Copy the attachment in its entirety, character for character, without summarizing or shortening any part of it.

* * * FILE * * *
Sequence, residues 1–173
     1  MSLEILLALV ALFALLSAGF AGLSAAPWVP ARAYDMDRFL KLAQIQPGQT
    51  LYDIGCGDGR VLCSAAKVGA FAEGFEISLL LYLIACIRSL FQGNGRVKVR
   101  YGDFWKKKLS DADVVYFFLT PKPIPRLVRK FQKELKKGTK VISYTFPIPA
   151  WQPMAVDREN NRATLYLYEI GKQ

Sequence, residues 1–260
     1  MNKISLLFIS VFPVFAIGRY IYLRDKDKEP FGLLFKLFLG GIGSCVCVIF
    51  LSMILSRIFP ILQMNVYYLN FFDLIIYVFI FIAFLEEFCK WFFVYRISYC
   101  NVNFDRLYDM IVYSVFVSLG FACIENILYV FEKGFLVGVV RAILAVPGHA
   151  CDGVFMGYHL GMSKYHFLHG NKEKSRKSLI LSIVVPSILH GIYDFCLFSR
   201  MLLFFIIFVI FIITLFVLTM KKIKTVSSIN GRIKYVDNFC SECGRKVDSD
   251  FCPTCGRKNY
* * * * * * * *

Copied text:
Sequence, residues 1–173
     1  MSLEILLALV ALFALLSAGF AGLSAAPWVP ARAYDMDRFL KLAQIQPGQT
    51  LYDIGCGDGR VLCSAAKVGA FAEGFEISLL LYLIACIRSL FQGNGRVKVR
   101  YGDFWKKKLS DADVVYFFLT PKPIPRLVRK FQKELKKGTK VISYTFPIPA
   151  WQPMAVDREN NRATLYLYEI GKQ

Sequence, residues 1–260
     1  MNKISLLFIS VFPVFAIGRY IYLRDKDKEP FGLLFKLFLG GIGSCVCVIF
    51  LSMILSRIFP ILQMNVYYLN FFDLIIYVFI FIAFLEEFCK WFFVYRISYC
   101  NVNFDRLYDM IVYSVFVSLG FACIENILYV FEKGFLVGVV RAILAVPGHA
   151  CDGVFMGYHL GMSKYHFLHG NKEKSRKSLI LSIVVPSILH GIYDFCLFSR
   201  MLLFFIIFVI FIITLFVLTM KKIKTVSSIN GRIKYVDNFC SECGRKVDSD
   251  FCPTCGRKNY